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Rabies

AMBULATORY CARE:

Rabies

is a disease that affects the body's central nervous system (brain, spinal cord, and nerves). Rabies is caused by a virus. You may get the virus if you come into contact with the saliva or other tissue of an infected animal. Rabies infection usually happens through a bite wound. Animals that may spread rabies include dogs, cats, coyotes, raccoons, foxes, skunks, and bats. Rabies develops when the virus enters the skin and goes to the muscles or nerves. Without early treatment, rabies damages the brain and other organs. You may have brain swelling, seizures, and paralysis. Rabies can be life-threatening.

Early signs and symptoms:

Signs and symptoms of rabies may appear weeks, months, or even years after the infection. During the early stages of rabies, you may feel like you have the flu. You may have one or more of the following signs and symptoms for up to 10 days:

  • Weakness, fever, headache, and irritability
  • Loss of appetite, nausea, and vomiting
  • Pain, numbness, or burning or tingling that may slowly spread to other areas
  • Severe itching at the bite site

Late signs and symptoms:

Over time, rabies may affect the brain. Symptoms may include any of the following:

  • Confusion or insomnia
  • Dizziness, seeing double, or seeing something that is not really there
  • Restlessness, anxiety, and hyperactivity increased by thirst, fear, light, or noise
  • Seizures or twitching
  • Slurred speech, drooling, swallowing problems, and a fear of water
  • Tiredness, muscle cramps, or trouble moving
  • Severe weakness that may be only on one side of the body or face

Call your local emergency number (911 in the US) or have someone else call if:

  • You have trouble swallowing or slurred speech.
  • You have double vision, or you see things that are not really there.
  • You begin twitching, have muscle cramps, or have a seizure.

Seek care immediately if:

  • You think you were exposed to rabies.
  • You were bitten by an animal. Clean the wound as soon after the bite as possible.
  • You feel weak, tired, dizzy, confused, restless, or anxious.

Call your doctor if:

  • You have a fever.
  • Your signs and symptoms do not get better after treatment.
  • You have questions or concerns about rabies and rabies treatment.

Treatment:

The main goal of treatment is to prevent the virus from spreading inside the body. Treatment as soon as possible may prevent more serious problems and increase recovery.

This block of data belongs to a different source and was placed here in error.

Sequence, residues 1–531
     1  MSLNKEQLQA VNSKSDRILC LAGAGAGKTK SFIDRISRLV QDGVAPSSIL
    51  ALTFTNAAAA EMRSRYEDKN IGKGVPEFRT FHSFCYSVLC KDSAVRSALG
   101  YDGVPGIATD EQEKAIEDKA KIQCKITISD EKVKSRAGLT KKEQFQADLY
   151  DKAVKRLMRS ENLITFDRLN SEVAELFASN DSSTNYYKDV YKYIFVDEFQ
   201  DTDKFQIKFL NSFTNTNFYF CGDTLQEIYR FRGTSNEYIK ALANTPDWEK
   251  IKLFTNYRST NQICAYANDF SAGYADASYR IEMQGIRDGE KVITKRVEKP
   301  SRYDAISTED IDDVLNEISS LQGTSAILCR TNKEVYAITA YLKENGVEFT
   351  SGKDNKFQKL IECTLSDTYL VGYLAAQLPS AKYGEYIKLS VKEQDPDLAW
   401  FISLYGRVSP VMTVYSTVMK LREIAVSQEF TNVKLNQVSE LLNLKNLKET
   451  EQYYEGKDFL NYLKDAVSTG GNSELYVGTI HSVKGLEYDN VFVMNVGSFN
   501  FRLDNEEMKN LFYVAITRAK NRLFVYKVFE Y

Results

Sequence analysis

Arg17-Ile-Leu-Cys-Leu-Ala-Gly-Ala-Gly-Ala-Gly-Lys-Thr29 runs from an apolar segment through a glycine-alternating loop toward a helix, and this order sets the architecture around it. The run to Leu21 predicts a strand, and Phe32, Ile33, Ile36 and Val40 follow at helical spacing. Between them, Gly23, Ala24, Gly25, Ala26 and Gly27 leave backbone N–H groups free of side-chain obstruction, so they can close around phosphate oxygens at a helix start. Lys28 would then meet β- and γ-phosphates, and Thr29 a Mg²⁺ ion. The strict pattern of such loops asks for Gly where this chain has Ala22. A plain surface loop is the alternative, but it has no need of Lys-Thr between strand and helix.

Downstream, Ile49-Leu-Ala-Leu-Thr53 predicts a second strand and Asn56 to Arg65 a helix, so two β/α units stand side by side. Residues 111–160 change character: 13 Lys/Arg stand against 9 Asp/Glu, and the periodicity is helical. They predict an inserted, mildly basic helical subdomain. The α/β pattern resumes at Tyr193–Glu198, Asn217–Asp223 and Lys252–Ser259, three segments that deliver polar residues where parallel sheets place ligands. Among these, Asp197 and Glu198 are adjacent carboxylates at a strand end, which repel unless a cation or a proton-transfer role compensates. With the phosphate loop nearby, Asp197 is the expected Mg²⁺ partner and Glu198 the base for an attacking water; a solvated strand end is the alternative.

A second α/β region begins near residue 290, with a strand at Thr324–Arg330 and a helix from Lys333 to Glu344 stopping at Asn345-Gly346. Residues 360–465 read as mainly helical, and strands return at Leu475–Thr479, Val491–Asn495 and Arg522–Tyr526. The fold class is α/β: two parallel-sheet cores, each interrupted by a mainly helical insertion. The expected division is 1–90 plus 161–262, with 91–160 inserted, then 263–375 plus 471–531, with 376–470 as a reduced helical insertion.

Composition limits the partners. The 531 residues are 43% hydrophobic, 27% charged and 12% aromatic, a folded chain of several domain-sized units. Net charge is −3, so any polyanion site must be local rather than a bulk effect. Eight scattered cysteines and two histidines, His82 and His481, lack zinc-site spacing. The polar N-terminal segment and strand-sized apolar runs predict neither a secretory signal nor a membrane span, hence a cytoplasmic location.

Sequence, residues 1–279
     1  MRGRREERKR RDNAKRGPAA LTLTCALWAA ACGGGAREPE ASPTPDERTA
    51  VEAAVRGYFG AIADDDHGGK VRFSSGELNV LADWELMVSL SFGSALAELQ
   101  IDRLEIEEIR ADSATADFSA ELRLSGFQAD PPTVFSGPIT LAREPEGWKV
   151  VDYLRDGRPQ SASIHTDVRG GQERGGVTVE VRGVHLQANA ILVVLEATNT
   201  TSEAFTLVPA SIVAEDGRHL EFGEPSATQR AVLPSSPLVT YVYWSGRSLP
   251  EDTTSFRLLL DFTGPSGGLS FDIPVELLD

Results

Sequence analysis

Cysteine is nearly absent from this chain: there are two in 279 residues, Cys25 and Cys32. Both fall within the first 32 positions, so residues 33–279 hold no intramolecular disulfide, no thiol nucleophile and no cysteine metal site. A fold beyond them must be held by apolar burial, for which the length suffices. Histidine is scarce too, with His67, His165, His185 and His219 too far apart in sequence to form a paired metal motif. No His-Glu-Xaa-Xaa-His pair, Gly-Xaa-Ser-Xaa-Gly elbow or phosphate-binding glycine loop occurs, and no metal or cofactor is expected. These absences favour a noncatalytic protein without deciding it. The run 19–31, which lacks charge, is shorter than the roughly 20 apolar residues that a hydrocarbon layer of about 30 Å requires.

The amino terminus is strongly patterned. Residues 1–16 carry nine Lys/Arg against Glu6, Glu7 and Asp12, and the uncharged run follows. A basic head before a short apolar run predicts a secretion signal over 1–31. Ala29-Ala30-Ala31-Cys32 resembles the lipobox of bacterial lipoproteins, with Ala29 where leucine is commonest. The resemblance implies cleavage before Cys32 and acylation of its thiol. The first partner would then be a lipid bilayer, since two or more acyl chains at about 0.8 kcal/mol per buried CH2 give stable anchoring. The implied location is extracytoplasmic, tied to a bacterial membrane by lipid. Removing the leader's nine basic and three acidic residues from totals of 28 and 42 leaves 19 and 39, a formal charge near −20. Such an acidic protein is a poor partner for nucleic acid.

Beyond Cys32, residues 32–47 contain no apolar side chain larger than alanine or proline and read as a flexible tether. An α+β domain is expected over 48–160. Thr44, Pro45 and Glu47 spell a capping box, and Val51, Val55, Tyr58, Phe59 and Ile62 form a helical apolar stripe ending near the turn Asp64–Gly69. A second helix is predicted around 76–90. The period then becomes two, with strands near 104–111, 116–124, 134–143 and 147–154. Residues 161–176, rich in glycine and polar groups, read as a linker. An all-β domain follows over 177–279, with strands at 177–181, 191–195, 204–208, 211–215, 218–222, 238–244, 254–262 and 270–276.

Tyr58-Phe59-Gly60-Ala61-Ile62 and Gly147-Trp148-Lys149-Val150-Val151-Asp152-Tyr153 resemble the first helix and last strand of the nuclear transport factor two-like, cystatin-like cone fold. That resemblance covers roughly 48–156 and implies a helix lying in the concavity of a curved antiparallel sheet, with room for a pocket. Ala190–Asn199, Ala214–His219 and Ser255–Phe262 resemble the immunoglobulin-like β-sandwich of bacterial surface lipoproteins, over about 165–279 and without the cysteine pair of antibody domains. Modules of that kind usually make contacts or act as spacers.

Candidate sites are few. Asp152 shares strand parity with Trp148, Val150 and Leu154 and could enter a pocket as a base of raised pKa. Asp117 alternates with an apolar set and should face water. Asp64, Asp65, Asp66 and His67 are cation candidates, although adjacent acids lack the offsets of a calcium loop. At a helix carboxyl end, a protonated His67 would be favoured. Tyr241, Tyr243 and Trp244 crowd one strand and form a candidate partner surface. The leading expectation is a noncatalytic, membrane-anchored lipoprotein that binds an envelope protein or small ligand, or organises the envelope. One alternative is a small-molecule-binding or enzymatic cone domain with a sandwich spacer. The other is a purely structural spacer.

• You may need to get the rabies vaccine. The rabies vaccine helps your body make antibodies to fight the virus. You will be given 2 doses if you received at least 1 dose before. You will be given 4 doses if you never received a dose. You may be given 5 doses if you never received a dose and you have a weak immune system.
  • Rabies immune globulin (RIG) may be given. This medicine will attack the virus and help your immune system fight the infection. You will not be given RIG if you had at least 1 past rabies vaccine dose.

Prevent rabies:

  • Ask your healthcare provider about the rabies vaccine. You may need the vaccine if your risk for rabies is increased through work or travel. You will be given 3 doses. Get all doses 3 to 4 weeks before you travel to a place where the risk for rabies is high.
  • Avoid contact with animals. Do not approach any wild animal, or any tame animal that you do not know. Cover windows and other openings in your home with screens so wild animals cannot get inside.
  • Get medical care if you get bitten by an animal. Do this even if the wound is very small.
  • Get your pet vaccinated against rabies. You will need to do this every 3 years or as directed by your veterinarian.

If an animal that can carry rabies bites you:

  • Clean the bite wound. Clean the bite wound for at least 5 minutes. Use soap and water, or povidone-iodine solution mixed with water. Do this right after you are bitten to lower the risks for a wound infection and rabies. Cover the wound with a clean bandage to prevent infection.
  • Seek care right away. Healthcare providers may need to treat the wound and close it with stitches. You may need to take antibiotics to help fight or treat a bacterial infection. The rabies vaccine series may be started immediately.

Follow up with your doctor as directed:

Write down your questions so you remember to ask them during your visits.

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The above information is an educational aid only. It is not intended as medical advice for individual conditions or treatments. Talk to your doctor, nurse or pharmacist before following any medical regimen to see if it is safe and effective for you.

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